Is cloud computing a propaganda?

Isn't too much being made out of it by corporations and media? Cloud computing has been in existence for a much longer than they'd like us to believe. Even yahoomail, gmail, facebook is cloud computing.

2 Answers

  • 6 years ago
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    Absolutely. It's a propaganda with over-emphasis on certain 'buzzwords' that are of little relevance. Cloud computing is important but it's not a novel phenomenon as made out these days. Nor should everything be put on 'cloud'. We cannot depend on cloud for our day-to-day needs. Physical hard disks are important and must continue to exist.

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  • Anonymous
    6 years ago

    Cloud computing is amazing because of the following benefits:

    1. On-demand, self-service access to computing resources / data 24 x 7 from any computer device with access to internet/intranet

    2. Pay only for what you use - e.g. pay-as-you-go / subscription / metered payment model

    3. Rapid scalability / elasticity - i.e. you can use as much/little computing resources as you need - no worries related to capacity planning

    However, as with every technology, there are risks also. The biggest one is probably the fact that your data is stored on 3rd party servers, usually dispersed over a number of servers, data centres and even countries/locations. And it moves via internet/intranet connections that could be susceptible to leakage/attacks,... So essentially you put your data into hands of other people, while being ultimately responsible for it.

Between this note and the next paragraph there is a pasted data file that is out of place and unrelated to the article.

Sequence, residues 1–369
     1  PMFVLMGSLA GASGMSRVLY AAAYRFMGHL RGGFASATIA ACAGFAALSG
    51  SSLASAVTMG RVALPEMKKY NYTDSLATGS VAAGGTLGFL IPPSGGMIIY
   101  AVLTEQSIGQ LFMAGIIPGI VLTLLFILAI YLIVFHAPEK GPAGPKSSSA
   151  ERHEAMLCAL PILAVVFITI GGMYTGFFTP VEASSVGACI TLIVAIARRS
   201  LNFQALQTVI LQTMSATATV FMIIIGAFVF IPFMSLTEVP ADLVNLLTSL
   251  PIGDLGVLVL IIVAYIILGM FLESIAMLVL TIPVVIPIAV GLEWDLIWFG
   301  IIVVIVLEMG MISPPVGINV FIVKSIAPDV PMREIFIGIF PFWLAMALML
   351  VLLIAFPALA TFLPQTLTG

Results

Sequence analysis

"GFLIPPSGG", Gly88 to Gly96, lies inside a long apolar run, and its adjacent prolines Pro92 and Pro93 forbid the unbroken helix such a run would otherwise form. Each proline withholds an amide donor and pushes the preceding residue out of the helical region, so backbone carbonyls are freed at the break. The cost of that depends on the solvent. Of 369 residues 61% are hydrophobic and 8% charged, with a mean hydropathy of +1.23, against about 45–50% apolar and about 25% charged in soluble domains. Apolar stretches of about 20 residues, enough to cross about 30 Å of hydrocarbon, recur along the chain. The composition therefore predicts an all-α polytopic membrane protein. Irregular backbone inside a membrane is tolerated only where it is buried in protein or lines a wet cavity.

Then again, cloud providers are in the business of security so their security measures are often top notch and much better than what a normal organisation could even dream of.

    In any case, there is a lot of hype around it - and many organisations call their products 'cloud / SaaS / ...' even though they do not fulfil the definition/characteristics of 'cloud' - which are, for example, defined by NIST (the US National Institute of Standards and Technology) - including on-demand self-service, broad network access, resource pooling, rapid elasticity, and measured service.

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